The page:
Editorial

A way to deal with major health needs

Monday, August 11, 2014    

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In Alexandria, St Ann, 16-year-old Atallia Williams, described as being "unconscious" since a motor vehicle crash two years ago, is not in a medical care facility.

Instead, she is at home, being cared for by her mother, Ms Nadine Beckett Miller, who is at her wits' end trying to make ends meet. While the mother has received help — including from the business sector to set up a chicken rearing project — it has obviously been haphazard.

Mrs Cherine Allen-Powell of Manchester is recovering from heart surgery in Texas after struggling for a long time to raise the money for the operation.

As it turned out, surgery only happened after a Texas-based Jamaican-born physician, Dr Carlton Clarke, read Mrs Allen-Powell's distress story in the Jamaica Observer while vacationing in the island.

He set up the links which led to Mrs Allen-Powell's operation, hospital stay and rehabilitation — all of which cost, we are told, US$250,000. That cost is being borne by the host hospital.

Sad stories such as these are fairly commonplace in Jamaica.

This desperate search by individuals to get financial help to resolve sometimes basic, though expensive, medical conditions reflects the crisis of inadequate resources facing Jamaica's health sector and at a wider level the social security system.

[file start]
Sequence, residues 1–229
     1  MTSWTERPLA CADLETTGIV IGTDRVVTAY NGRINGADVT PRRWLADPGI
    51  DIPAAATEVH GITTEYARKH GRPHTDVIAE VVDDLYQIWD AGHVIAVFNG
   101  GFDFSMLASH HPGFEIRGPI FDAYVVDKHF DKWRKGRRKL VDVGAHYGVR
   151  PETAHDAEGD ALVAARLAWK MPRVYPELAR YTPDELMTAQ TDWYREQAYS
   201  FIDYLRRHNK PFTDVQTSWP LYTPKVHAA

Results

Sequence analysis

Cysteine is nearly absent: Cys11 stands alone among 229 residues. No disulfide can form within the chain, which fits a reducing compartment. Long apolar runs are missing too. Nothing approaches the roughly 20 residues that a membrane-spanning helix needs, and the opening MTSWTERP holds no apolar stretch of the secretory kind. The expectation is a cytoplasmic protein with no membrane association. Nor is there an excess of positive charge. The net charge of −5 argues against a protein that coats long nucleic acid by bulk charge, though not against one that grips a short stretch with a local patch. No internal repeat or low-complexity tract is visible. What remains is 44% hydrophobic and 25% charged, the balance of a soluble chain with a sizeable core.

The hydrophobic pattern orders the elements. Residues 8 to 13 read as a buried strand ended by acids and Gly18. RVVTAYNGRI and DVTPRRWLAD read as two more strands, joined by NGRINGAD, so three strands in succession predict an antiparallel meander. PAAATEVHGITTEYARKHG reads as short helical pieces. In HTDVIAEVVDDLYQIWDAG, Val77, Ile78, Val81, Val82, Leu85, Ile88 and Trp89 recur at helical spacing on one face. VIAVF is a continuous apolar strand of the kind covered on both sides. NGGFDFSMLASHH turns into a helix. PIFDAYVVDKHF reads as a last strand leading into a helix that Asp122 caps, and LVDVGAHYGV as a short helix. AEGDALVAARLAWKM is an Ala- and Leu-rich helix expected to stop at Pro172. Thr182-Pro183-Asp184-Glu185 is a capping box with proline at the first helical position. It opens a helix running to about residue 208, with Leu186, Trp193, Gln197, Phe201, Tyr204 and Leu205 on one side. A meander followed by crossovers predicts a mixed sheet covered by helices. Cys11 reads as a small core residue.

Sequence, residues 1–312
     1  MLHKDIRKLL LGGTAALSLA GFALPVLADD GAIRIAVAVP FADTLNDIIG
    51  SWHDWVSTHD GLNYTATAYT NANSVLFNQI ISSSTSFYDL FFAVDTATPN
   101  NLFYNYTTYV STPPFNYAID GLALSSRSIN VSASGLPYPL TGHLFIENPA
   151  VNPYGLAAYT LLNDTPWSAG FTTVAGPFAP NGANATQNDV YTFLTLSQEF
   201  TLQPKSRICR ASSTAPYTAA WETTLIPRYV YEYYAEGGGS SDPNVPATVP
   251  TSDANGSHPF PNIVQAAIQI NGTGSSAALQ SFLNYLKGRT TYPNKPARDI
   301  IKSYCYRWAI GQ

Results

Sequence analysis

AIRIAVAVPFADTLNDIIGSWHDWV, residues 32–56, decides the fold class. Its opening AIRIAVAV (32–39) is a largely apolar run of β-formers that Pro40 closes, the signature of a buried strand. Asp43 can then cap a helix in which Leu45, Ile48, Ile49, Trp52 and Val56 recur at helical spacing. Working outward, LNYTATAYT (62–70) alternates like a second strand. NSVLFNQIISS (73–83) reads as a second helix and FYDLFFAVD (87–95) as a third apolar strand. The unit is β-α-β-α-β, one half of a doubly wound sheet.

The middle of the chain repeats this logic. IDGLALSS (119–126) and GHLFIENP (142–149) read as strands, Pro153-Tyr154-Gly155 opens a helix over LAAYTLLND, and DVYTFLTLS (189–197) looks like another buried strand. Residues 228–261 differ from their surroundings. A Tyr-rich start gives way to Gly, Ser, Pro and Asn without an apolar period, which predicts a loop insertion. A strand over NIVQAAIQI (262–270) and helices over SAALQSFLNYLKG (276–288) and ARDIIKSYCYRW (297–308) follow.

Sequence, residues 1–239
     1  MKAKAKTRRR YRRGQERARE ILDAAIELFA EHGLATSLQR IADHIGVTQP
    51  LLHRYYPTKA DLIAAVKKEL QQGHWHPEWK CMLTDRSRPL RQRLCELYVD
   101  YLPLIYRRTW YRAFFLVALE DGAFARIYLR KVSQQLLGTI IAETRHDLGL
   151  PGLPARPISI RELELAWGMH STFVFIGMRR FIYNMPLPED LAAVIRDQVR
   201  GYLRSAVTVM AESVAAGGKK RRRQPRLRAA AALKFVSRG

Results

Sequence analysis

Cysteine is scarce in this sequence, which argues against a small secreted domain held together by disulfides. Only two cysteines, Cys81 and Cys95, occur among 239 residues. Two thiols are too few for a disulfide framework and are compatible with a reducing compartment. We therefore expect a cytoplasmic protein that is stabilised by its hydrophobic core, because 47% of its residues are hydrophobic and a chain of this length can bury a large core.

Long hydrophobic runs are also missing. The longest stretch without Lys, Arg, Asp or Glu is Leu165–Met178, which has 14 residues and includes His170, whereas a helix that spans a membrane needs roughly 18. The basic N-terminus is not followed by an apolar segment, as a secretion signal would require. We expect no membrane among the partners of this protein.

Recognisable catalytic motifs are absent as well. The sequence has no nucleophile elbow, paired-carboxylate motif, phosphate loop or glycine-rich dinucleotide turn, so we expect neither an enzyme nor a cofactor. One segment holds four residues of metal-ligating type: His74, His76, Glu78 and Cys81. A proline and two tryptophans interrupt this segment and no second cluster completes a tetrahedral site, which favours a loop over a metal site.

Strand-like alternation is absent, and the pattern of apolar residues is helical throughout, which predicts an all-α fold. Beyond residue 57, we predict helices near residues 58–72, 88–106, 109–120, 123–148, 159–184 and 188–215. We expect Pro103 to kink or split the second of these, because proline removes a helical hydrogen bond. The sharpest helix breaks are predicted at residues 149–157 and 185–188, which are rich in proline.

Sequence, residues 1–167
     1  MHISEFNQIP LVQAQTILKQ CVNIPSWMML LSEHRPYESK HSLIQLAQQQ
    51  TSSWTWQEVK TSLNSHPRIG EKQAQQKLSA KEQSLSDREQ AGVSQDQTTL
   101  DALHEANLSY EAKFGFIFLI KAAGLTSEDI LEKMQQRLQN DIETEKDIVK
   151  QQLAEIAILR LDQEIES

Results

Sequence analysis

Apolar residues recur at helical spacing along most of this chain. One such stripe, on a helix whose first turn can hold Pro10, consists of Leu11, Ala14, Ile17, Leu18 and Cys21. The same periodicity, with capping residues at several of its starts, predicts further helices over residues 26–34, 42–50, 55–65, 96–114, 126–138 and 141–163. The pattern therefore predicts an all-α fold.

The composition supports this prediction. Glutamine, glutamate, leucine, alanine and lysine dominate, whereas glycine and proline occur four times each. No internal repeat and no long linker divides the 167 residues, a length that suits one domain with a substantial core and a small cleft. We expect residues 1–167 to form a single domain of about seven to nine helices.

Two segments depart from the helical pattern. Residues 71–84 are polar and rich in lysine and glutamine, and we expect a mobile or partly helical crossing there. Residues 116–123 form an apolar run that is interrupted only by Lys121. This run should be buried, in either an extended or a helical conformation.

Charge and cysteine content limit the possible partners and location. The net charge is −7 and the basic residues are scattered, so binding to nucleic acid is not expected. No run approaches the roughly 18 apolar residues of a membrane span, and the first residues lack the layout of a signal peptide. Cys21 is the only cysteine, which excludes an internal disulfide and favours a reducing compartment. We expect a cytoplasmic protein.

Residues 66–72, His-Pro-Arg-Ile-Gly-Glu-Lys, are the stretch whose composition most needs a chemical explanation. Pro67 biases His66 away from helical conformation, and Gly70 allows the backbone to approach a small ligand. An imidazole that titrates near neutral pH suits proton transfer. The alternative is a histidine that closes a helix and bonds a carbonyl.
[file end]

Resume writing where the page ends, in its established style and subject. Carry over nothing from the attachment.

Unfortunately, Jamaica's "tight fiscal space" dictated by an unavoidable debt reduction and economic rationalisation/restructuring programme means the situation won't get better any time soon.

It will take years of economic stability and dynamic growth before Jamaica is able to afford a health care and welfare system that is anywhere near satisfactory.

So, in the meantime, should society simply throw up its hands and leave distressed individuals, such as Mrs Allen-Powell and Ms Nadine Beckett Miller, to fend for themselves?

Obviously not. So what's to be done?

We think it would be useful to contemplate a comment by Dr Clarke as he discussed Mrs Allen-Powell's plight. Said he: "I found it hard to imagine that a patient would be denied care because of inability to pay and allowed to die — totally inconceivable in this day and age. There are charitable organisations willing to help, if only asked."

Clearly, as the situation now stands, those most in need don't know who to ask for help or where to go. They are, in effect, floundering in the dark.

This is where we believe the Ministry of Health, working with hospitals and medical practitioners, community groups, and private voluntary organisations, can play a very proactive role.

Surely it wouldn't be too difficult for a small, focused unit working out of the Ministry of Health to be the hub — receiving information on those in desperate need, and also acting as a liaison connecting potential donor agencies, companies, groups and individuals.

Until the day comes when Jamaica is able to adequately provide from public resources, it seems to this newspaper that Government, working with all well-thinking Jamaicans, must be creative in finding ways to protect the most vulnerable.

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